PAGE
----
Machu Picchu

Machu Picchu

Machu Picchu stands 2,430 m above sea-level, in the middle of a tropical mountain forest, in an extraordinarily beautiful setting. It was probably the most amazing urban creation of the Inca Empire at its height; its giant walls, terraces and ramps seem as if they have been cut naturally in the continuous rock escarpments. The natural setting, on the eastern slopes of the Andes, encompasses the upper Amazon basin with its rich diversity of flora and fauna.
Machu Picchu bears, with Cuzco and the other archaeological sites of the valley of the Urubamba (Ollantautaybo, Runcuracay, Sayacmarca, Phuyupamarca, Huiñay Huayna, Intipucu, etc.) a unique testimony to the Inca civilization. Cuzco and the old villages still retain traces of land occupation from the Inca Empire to preserve, in a more global manner, an archaeological heritage which has become susceptible to the effects of urbanization. Furthermore, Macchu Picchu is an outstanding example of man's interaction with his natural environment.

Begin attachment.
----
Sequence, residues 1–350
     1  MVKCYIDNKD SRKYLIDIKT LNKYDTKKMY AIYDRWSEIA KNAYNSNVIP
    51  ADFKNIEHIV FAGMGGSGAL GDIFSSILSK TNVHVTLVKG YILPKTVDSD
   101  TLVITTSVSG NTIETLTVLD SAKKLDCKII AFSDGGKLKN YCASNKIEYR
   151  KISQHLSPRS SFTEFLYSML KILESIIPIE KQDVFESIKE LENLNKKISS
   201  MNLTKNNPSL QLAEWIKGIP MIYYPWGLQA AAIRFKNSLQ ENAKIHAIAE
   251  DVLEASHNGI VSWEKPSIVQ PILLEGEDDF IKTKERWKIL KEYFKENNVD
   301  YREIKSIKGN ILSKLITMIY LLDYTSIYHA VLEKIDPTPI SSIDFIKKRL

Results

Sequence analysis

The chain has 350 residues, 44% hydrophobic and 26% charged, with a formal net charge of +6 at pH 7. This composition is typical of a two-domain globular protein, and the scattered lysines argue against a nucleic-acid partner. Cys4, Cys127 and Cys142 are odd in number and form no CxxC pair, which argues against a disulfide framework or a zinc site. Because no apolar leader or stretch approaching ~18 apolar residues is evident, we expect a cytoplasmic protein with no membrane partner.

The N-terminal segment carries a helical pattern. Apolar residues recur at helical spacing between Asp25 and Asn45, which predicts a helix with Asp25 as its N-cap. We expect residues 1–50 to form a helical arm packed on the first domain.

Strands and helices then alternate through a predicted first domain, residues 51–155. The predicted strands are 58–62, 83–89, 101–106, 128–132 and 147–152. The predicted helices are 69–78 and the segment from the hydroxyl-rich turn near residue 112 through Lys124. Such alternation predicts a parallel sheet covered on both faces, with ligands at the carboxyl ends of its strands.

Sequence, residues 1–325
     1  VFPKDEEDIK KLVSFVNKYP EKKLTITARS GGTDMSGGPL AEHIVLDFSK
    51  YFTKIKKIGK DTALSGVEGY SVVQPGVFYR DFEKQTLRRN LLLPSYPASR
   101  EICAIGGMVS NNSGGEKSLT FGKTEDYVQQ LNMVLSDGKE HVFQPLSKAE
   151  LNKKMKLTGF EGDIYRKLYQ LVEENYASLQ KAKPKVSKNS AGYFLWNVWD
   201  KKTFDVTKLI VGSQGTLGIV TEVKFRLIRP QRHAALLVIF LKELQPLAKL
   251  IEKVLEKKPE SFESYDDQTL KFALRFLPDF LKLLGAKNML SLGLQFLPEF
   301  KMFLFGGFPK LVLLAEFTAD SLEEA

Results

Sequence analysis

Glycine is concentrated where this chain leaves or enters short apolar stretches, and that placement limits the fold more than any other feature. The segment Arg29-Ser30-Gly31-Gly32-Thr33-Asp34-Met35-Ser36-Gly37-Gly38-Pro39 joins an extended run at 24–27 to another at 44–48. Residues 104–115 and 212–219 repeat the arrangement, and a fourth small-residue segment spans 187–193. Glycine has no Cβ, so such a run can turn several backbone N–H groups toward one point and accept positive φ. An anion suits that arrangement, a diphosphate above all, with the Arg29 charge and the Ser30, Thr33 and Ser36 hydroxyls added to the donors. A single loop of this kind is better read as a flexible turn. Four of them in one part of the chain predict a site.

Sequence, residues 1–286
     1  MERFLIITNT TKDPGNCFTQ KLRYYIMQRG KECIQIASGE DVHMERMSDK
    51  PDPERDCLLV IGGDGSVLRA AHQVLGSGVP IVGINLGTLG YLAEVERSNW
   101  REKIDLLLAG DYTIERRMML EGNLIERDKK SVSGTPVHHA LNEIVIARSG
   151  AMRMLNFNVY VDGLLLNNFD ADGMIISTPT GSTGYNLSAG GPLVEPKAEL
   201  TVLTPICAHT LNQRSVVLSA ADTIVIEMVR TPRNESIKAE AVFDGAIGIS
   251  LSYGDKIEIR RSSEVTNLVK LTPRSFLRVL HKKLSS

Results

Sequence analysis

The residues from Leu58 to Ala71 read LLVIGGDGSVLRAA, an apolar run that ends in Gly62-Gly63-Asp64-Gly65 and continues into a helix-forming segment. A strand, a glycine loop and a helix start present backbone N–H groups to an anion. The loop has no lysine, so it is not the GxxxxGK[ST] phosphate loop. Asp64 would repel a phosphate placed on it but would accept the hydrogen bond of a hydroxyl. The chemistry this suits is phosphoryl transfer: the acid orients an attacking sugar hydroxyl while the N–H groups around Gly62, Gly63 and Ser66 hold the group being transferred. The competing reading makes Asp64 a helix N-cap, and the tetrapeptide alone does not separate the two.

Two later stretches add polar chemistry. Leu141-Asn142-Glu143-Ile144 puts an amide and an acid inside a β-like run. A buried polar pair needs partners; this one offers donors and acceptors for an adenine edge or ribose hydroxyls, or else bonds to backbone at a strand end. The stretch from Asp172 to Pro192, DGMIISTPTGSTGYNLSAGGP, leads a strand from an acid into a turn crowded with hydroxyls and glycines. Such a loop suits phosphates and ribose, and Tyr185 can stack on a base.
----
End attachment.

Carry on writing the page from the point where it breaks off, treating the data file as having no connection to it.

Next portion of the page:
Standing 2,430 m above sea level, in the midst of a tropical mountain forest in an extraordinarily beautiful setting, Machu Picchu was probably the most amazing urban creation of the Inca Empire at its height. Its giant walls, terraces and ramps seem as if they have been cut naturally in the continuous rock escarpments. The natural setting, on the eastern slopes of the Andes, encompasses the upper Amazon basin with its rich diversity of flora and fauna.
Machu Picchu covers 32,500 ha in some of the scenically most attractive mountainous territory of the Peruvian Andes. As the last stronghold of the Incas and of superb architectural and archaeological importance, Machu Picchu is one of the most important cultural sites in Latin America; the stonework of the site remains as one of the world's great examples of the use of a natural raw material to provide outstanding architecture which is totally appropriate to the surroundings. The surrounding valleys have been cultivated...

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